A previous opinions article suggests that Marcus Barrington was sentenced unfairly, and that the sentencing was based solely on Marcus’s attitude. I would like to share some facts about this case because it would be unfair to assume that a black judge actually broke the law in order to make an example out of Marcus.
First of all, Barrington was actually facing a sentence of 12-20 years for his crimes. Once a person is found guilty of a crime(s) there is a scoring system used that provides the judge with sentencing parameters. Please keep in mind that identity theft carries a mandatory sentence, per offense, and Barrington was found guilty of – among other offenses – identity theft. Barrington was deemed a flight risk, so this is why he remained imprisoned, while awaiting sentencing.
Secondly, when comparing similar cases, one must also consider what the differences are. For example, Barrington completed over 100 grade changes, which is the equivalent of over three years of matriculation at Florida A&M University. His crimes actually crossed state lines and there were IP addresses from Tennessee, Kentucky and California linked to this case. Over 90 students received grade changes, some unknowingly, and there were over 110 actual grade change transactions.
Finally, this situation was detrimental to our university.
The grade changes made students fraudulently eligible for loans and financial aid.
Students who wanted to become members of Greek-letter organizations became fraudulently eligible. Other students who had graduated from our University had their degrees revoked, causing the entire academic nation to look at FAMU and its graduates with skepticism. By the way, Barrington received compensation from the recipients of these grade changes, thus allowing him to purchase a truck, a motorcycle, and several other luxuries.
To close, I offer this: The assertion that Barrington was sentenced based on Judge Mickle’s personal perceptions is saddening. While I am sure that Mr. Barrington has favorable qualities that endeared him to many, this case, and his sentencing, was based solely on choices he made. His choices were calculated, premeditated and criminal. I feel bad for Barrington’s family and friends because I am sure that this has been a difficult time for them. I feel bad for Barrington, a child TV star who was also an aspiring attorney, because he made really poor choices.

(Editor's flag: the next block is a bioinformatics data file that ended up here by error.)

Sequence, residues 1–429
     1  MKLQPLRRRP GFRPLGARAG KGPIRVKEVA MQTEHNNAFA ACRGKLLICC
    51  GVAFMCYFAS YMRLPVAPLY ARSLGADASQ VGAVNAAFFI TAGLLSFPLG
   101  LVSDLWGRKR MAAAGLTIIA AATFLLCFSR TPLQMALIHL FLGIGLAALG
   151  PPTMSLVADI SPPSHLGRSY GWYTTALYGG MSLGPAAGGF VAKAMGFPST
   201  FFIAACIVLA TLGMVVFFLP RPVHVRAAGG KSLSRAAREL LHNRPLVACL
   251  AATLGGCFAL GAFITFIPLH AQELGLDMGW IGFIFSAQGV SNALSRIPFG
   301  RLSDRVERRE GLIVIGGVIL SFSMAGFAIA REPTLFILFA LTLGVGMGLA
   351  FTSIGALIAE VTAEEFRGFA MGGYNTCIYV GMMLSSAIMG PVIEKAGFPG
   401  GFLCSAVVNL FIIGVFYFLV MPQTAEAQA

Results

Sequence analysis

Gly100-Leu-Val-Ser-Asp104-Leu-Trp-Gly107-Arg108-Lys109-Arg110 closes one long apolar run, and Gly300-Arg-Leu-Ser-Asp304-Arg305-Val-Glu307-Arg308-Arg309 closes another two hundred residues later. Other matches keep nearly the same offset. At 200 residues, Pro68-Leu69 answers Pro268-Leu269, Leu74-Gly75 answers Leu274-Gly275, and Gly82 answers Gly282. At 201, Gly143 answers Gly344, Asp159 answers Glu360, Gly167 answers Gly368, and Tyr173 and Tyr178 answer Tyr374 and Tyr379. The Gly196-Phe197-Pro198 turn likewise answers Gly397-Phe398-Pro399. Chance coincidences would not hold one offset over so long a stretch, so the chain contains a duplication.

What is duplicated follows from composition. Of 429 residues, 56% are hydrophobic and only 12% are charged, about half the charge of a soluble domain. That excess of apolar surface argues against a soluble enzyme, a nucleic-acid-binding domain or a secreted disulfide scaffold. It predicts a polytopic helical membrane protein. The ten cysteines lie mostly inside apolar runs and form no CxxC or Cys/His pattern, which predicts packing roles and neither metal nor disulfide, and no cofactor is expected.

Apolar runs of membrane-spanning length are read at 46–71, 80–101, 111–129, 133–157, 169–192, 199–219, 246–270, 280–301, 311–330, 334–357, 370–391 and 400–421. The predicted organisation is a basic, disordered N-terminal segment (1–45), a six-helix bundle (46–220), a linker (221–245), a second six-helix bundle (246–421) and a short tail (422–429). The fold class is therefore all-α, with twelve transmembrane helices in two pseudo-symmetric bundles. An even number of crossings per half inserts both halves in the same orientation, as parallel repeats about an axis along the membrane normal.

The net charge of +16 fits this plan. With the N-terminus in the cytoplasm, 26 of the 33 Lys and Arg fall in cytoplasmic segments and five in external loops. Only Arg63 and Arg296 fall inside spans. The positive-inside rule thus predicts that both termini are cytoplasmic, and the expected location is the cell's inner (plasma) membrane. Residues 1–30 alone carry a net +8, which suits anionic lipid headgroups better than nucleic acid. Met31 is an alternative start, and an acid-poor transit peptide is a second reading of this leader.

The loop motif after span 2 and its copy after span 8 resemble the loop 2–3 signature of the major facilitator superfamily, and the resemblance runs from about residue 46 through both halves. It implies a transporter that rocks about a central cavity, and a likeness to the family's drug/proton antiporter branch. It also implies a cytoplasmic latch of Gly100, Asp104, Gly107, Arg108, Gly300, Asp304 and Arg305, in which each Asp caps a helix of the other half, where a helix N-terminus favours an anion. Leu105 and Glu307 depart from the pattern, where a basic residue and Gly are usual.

As I stated earlier, Marcus was facing 12-20 years, but Judge Mickle only sentenced him to seven. This seven-year stint won’t pay back the federal funds that were awarded to students fraudulently, reverse revoked degrees, or rebuild the trust that administrators once had in FAMU students. While we always want to see the best in our friends, we must be strong enough to look beyond friendship. Judge Mickle could have been the black judge who swore Barrington into the Florida Bar Association, but Barrington’s choices caused him to face the judge as a defendant.
Andrea Turk is a first year graduate social work student from Gainesville. She can be reached at firstname.lastname@example.org.
Unfortunately this will be the last submission in response to Barrington’s sentencing. We appreciate your readership and responses in print and online.